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Re: Remailer latencies

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On Sat, 27 Sep 1997, Anonymous (nee Monty Cantsin) wrote:

> Good point.  Also, using a dialup gives you another layer of physical
> privacy.  You could even move the machine around from time to time.
It has been :-)

> What is on your machine that has to be deleted?  I suppose you'd want
> to power cycle it since the private key (or a passphrase) will be
> sitting in memory.  Is there anything on the disk that must be
> deleted?
I would feel better, and I'm sure a lot of others would too, if I had the
time to safely wipe the remailer's private key (in addition to cleaning the
passphrase from memory). Ditto for my personal keys :)

> More operations questions: according to Raph's chart, your machine has
> an "uptime" of 99.64%.  I assume that means Raph's experiments showed
> that 36 messages out of 1000 disappeared.  Did I assume correctly?
More or less. 

> If so, what accounts for these message losses?  I would expect that if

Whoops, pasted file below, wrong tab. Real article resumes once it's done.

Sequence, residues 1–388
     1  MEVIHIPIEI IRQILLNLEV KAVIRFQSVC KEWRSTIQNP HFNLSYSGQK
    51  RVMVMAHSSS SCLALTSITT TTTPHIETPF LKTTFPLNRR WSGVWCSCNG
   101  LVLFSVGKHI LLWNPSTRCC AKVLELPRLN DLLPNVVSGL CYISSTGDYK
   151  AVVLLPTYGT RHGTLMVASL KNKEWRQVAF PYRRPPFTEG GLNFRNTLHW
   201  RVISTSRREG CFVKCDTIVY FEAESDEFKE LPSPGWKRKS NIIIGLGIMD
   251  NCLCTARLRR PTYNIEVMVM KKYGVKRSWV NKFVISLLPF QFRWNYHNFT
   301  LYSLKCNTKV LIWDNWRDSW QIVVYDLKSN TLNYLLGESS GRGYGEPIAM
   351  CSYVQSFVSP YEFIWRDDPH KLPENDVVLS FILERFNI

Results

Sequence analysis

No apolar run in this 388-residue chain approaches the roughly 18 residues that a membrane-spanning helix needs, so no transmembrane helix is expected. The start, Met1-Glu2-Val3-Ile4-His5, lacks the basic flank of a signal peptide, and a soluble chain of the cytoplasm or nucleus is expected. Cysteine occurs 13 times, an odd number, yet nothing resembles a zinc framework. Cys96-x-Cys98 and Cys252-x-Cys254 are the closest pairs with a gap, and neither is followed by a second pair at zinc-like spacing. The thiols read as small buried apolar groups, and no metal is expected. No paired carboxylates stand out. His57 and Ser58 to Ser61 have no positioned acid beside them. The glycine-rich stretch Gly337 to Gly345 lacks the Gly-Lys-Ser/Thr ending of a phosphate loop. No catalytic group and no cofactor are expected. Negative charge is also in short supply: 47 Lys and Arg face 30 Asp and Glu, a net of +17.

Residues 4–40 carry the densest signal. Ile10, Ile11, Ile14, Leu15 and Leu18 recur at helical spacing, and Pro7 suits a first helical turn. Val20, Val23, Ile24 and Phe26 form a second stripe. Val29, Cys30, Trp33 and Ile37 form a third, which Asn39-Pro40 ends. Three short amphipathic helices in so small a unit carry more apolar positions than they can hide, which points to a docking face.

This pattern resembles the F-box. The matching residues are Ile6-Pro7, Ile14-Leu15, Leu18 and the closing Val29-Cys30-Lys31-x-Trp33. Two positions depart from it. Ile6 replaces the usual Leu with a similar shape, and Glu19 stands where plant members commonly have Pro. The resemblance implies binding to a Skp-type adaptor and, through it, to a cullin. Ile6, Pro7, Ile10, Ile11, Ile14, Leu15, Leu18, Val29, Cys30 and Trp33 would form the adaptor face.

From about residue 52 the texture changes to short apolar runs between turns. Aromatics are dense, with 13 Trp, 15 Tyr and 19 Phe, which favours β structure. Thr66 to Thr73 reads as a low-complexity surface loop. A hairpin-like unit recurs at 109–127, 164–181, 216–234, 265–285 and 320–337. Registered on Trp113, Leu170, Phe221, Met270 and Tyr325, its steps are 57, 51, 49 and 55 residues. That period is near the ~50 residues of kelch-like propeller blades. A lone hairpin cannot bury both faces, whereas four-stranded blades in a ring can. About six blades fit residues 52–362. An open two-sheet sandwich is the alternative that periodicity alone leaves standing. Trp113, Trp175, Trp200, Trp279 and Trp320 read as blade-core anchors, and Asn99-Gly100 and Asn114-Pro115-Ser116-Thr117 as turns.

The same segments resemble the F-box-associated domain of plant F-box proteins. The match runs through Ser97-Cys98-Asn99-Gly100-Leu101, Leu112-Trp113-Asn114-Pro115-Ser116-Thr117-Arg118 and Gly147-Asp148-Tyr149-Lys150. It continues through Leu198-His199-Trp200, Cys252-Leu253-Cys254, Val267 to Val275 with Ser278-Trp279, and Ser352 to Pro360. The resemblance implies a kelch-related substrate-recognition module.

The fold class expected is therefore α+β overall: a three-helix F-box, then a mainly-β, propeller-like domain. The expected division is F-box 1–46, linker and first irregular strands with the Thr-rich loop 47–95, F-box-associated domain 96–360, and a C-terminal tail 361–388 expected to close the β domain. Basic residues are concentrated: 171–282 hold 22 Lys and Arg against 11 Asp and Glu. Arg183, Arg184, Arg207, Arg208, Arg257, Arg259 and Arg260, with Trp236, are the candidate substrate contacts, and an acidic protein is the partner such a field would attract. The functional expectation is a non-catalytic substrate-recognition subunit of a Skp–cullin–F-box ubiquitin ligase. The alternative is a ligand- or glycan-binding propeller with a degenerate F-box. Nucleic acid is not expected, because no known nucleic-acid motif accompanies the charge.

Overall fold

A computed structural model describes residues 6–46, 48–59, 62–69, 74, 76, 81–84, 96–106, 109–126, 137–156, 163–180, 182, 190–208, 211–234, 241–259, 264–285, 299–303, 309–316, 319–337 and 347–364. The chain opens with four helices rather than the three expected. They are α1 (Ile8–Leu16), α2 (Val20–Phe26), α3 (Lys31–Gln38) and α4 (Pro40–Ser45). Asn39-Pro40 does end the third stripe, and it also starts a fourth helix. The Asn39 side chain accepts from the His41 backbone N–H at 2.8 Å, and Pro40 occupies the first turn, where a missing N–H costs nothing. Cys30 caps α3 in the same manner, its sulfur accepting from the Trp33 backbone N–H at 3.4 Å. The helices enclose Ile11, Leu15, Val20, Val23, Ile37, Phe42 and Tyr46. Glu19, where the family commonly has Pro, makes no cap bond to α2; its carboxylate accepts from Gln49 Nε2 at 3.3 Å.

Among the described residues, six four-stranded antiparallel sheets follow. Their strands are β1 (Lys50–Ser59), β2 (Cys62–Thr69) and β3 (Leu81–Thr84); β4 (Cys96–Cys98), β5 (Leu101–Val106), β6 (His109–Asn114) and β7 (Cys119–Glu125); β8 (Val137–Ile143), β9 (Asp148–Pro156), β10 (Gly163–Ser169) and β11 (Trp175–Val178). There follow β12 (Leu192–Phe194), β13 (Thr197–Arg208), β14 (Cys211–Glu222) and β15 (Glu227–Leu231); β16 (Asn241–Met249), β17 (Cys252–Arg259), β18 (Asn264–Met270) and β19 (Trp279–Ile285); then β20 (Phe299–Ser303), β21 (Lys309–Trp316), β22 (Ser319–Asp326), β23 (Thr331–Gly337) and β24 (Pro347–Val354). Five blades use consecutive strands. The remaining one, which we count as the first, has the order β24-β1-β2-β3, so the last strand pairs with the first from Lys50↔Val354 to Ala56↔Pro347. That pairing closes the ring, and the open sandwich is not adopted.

> your machine was down, even for a couple of days, that the incoming
> messages would be queued up on other machines and none would be lost.
It's more like "of the last 1000 messages sent, 9964 of 'em have made it back
to me."  Because of the way I have to have things set up, there are almost
always a few messages in transit. I have, very occasionally, actually seen my
remailer listed at 100%; somewhere over 99% is far more common.

> BTW, my intention is not be critical of your volunteer work running a
> remailer, but to develop an understanding of the issues involved.
Excellent. You certainly can't be faulted for that :)

> Even a response like "the machine was down for three days because I
> was in Las Vegas partying" is useful because it would suggest that
> remailer operators are not adequately compensated for their work.
I thought that much was a given.  AFAIK nobody's making any money anywhere
off the remailer net; it's a labour of love.

To contribute to another thread at the same time: there is a
semi-experimental hack for Mixmaster that parses a message for hashcash.

IMO, it's unlikely that hashcash, Digicash, or anything else is likely to
become the preeminent modus operandi for remailer operators anytime soon, but
it's likely to happen eventually simply because it's possible, so someone
will do it. For me, the remailer doesn't consume any exceptional new
resources, so the added cost to me of running a remailer is very nearly zero.
(Those are mostly the "administrative" costs of dealing with complaints,
adding people to the blocklist, and cleaning up after the occasional spam
bomb.)  Others, with different circumstances, may be more eager to pursue a
profit-making solution.

dave (bureau42 admin)

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